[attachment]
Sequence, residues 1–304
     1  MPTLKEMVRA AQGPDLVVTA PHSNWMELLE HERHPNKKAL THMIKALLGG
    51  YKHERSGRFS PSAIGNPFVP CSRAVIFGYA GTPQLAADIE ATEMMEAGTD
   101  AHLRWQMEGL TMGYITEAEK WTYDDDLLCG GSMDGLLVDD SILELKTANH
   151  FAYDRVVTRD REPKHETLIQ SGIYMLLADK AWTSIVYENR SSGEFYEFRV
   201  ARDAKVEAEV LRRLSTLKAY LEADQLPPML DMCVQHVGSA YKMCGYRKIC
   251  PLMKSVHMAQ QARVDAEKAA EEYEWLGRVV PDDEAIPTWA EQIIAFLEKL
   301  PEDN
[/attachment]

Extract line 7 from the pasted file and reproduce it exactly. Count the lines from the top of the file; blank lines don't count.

   251  PLMKSVHMAQ QARVDAEKAA EEYEWLGRVV PDDEAIPTWA EQIIAFLEKL